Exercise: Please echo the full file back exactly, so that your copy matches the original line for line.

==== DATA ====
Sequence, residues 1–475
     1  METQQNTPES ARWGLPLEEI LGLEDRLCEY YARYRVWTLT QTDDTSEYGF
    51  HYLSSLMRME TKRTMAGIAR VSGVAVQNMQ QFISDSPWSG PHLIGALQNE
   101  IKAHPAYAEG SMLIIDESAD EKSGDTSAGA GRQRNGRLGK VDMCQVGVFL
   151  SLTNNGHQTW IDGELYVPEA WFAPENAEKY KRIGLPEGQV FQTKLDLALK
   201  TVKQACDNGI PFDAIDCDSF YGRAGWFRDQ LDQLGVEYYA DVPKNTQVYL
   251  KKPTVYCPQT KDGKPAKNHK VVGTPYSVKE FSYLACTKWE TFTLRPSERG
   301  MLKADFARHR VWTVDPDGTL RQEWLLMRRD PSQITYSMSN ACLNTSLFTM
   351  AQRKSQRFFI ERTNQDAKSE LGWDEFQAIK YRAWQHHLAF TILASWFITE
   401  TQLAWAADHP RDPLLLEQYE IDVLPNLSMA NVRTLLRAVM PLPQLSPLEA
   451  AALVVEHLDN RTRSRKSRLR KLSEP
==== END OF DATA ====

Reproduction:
Sequence, residues 1–475
     1  METQQNTPES ARWGLPLEEI LGLEDRLCEY YARYRVWTLT QTDDTSEYGF
    51  HYLSSLMRME TKRTMAGIAR VSGVAVQNMQ QFISDSPWSG PHLIGALQNE
   101  IKAHPAYAEG SMLIIDESAD EKSGDTSAGA GRQRNGRLGK VDMCQVGVFL
   151  SLTNNGHQTW IDGELYVPEA WFAPENAEKY KRIGLPEGQV FQTKLDLALK
   201  TVKQACDNGI PFDAIDCDSF YGRAGWFRDQ LDQLGVEYYA DVPKNTQVYL
   251  KKPTVYCPQT KDGKPAKNHK VVGTPYSVKE FSYLACTKWE TFTLRPSERG
   301  MLKADFARHR VWTVDPDGTL RQEWLLMRRD PSQITYSMSN ACLNTSLFTM
   351  AQRKSQRFFI ERTNQDAKSE LGWDEFQAIK YRAWQHHLAF TILASWFITE
   401  TQLAWAADHP RDPLLLEQYE IDVLPNLSMA NVRTLLRAVM PLPQLSPLEA
   451  AALVVEHLDN RTRSRKSRLR KLSEP